After reformatting my blog posts to work with Hexo, here are some things I did to make it 10x more user friendly and inline with expectations:
You may be like me and first define your categories for a blog post as follows:
The output of that would be to create a category "react" with a subcategory "api". If you want two independent categories simply change them to this:
Since my Pelican days, I needed to have some order in my blogging life. I could never be OK with a single folder storing myriads of Markdown files, my brain won't cope. So I split my posts by year. For Hexo to read the posts in these subfolders and not just the regular root directory you'll have to modify this field in _config.xml (or whatever configuration file you're using):
I'm someone who keeps my code before the 80 character mark, thank you PEP 8! My
Markdown files are no different of course. By default, Hexo would add
tags for every line break I use - it looked hideous and disjointed. In
your configuration file add the following so that the Mardown renderer does not
generate those erroneous line breaks.
While the default theme is... serviceable... Hexo has a fairly vibrant community that has created lots of themes that anyone is able to use. You'll get well over 100 options to choose from - all free! They also have a straightforward guide to create themes as well. When adding a theme, the growing consensus is to use Git Submodules instead of cloning for management purposes.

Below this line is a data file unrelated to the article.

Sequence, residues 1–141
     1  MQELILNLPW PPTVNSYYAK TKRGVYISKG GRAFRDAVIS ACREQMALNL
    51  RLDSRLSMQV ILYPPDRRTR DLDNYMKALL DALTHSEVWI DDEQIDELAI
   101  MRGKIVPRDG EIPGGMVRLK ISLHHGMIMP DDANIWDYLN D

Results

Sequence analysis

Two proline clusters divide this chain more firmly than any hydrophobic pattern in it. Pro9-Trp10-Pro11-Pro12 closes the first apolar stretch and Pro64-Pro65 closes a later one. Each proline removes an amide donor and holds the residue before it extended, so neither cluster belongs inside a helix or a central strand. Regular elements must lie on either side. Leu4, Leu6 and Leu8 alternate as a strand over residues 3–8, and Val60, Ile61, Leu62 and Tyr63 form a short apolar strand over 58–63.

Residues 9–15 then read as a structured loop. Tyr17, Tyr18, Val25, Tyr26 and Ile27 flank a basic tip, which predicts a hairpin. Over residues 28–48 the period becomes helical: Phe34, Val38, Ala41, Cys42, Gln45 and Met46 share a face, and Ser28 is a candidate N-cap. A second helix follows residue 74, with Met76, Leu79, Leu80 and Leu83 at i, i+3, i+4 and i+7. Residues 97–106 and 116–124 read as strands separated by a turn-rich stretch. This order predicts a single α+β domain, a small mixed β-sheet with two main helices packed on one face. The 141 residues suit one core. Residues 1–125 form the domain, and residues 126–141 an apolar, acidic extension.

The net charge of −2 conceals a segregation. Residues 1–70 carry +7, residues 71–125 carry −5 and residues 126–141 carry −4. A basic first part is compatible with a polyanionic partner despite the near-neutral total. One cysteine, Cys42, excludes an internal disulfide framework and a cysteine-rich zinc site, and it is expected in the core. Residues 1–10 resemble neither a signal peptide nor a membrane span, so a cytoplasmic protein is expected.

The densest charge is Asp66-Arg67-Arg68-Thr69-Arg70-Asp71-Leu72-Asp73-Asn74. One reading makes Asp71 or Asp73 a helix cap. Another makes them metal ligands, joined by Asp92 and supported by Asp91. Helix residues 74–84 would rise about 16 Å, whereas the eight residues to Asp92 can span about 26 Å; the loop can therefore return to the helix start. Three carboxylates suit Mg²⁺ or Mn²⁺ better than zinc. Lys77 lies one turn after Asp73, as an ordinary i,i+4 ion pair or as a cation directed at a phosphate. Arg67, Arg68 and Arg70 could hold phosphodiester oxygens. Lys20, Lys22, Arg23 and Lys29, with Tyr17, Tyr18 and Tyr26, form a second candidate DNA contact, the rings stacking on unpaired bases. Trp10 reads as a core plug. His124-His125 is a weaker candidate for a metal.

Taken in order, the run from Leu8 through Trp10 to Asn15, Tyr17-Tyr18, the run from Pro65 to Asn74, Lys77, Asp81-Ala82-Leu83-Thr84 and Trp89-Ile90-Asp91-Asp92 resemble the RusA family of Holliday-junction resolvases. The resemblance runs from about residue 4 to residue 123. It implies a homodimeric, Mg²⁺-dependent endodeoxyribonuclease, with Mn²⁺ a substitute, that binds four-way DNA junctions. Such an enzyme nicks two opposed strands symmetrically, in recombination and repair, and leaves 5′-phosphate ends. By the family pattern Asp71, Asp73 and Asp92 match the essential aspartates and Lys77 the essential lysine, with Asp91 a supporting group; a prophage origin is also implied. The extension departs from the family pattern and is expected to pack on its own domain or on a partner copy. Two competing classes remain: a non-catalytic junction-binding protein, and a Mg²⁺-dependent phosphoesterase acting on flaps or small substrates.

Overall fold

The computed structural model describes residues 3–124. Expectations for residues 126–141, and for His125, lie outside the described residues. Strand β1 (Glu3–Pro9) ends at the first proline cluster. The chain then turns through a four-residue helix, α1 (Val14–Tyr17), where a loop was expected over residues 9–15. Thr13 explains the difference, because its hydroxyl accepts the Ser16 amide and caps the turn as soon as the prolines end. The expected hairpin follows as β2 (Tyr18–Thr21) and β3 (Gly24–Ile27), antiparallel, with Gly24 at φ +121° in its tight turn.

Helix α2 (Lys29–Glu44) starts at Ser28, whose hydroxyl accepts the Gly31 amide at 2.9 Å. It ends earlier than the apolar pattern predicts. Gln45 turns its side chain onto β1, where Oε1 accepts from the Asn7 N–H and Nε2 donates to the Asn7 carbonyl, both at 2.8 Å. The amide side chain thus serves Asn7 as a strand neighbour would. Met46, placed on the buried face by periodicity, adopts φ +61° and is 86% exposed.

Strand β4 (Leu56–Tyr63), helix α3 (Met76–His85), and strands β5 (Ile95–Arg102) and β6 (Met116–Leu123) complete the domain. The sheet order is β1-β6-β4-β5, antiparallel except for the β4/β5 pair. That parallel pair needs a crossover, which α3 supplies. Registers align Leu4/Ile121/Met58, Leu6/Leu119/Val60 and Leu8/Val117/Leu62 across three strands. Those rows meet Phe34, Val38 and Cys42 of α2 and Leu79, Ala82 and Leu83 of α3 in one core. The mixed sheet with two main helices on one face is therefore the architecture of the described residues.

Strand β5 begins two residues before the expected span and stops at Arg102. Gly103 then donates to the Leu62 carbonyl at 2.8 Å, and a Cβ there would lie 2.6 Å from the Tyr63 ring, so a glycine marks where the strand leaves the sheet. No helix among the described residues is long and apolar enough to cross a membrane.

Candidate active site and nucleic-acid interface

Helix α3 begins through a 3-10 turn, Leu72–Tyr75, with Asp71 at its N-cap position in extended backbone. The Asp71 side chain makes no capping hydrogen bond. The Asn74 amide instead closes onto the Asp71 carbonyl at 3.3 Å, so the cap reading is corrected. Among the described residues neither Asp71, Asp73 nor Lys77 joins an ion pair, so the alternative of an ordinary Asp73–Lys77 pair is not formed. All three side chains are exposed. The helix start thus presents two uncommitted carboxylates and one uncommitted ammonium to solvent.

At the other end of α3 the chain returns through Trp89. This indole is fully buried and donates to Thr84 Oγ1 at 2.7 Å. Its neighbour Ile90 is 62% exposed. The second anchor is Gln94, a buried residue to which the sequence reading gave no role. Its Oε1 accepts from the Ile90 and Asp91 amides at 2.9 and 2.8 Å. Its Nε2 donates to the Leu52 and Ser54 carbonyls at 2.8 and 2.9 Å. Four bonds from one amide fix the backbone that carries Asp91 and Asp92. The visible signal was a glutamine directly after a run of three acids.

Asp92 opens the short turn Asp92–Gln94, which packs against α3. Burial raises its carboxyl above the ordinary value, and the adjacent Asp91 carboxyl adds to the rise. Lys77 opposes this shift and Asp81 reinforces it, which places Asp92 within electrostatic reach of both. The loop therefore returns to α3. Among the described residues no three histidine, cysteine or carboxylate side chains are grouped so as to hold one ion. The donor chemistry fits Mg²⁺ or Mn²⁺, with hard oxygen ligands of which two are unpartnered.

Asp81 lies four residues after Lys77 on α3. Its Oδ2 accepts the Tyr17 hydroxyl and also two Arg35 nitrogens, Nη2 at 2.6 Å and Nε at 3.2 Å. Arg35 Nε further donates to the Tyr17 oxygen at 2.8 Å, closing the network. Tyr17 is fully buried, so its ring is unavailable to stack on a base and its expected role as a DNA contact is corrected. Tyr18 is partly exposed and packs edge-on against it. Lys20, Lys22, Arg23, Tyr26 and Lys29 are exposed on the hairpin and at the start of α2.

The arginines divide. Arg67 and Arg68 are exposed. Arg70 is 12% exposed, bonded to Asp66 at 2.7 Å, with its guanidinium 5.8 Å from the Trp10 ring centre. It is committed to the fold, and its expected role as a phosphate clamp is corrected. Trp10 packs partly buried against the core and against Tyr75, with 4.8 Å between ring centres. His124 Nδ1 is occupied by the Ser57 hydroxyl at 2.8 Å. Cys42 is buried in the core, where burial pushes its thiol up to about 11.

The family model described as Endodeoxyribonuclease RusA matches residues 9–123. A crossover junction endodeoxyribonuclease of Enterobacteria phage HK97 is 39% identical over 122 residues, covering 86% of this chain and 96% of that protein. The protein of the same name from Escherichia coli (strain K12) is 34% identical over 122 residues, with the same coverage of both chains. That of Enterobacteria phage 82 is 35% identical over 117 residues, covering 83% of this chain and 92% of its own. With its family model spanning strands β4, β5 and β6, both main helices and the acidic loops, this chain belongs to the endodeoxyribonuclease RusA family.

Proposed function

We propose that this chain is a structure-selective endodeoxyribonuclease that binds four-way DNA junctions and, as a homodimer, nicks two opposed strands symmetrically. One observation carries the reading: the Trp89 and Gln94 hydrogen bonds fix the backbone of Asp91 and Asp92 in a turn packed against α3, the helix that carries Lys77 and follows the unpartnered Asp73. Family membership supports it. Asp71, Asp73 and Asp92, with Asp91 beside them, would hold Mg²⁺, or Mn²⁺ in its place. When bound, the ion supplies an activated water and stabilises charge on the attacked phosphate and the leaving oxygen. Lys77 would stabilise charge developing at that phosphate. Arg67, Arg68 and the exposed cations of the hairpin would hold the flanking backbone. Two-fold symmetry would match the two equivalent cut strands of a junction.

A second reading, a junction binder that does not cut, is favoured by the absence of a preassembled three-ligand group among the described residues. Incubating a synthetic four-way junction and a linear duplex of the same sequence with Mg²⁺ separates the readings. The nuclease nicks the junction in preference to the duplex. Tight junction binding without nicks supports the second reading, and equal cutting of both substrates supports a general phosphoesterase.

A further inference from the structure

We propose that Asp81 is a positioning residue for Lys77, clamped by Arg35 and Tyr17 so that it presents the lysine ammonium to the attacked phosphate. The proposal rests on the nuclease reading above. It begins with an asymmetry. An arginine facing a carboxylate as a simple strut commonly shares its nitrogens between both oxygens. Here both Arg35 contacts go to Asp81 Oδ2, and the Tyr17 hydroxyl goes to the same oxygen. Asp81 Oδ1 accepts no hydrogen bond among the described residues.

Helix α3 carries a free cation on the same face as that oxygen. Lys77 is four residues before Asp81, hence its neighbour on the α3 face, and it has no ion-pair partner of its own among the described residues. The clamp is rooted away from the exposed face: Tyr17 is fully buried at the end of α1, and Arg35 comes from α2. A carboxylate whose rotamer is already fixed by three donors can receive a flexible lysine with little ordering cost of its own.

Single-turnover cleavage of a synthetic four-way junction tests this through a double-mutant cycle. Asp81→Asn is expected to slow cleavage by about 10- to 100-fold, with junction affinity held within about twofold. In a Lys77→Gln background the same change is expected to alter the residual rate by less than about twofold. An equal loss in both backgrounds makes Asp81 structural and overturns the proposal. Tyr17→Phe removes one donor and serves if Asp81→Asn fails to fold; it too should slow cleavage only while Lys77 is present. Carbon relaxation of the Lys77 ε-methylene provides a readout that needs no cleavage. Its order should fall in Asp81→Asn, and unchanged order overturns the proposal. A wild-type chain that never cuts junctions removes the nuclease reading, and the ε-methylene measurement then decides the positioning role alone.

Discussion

hexo-generator-search is an awesome plugin that generates search data for your website. It produces an XML or JSON file that can be used for local searching. The Cactus Dark theme I'm using to kick off my Hexo setup has support for this plugin. Now readers have another alternative to tags and categories to find content on my site!
Search engines and web crawlers love sitemaps, they tell them exactly how the content of a website relate to each other. hexo-generator-sitemap would generate a new sitemap as you generate new content and publish.
hexo-generator-feed as you would expect generates the atom.xml for those who live off RSS feeds.
The flexibility of Hexo cannot be understated. There are some features I miss from my WordPress days that I'd love to see again. First of them all would be setting up a Contact page. Totally doable with the help of Formspree, a service that allows for such with a smooth user experience. I'd also want to get back user comments. Why not use Disqus? I don't trust them with my data. So what's possible then? Check out Staticman, another service that was created to give static websites wings. With these tools we can handle the dynamic elements of our website while we continue to enjoy the benefits of it being static.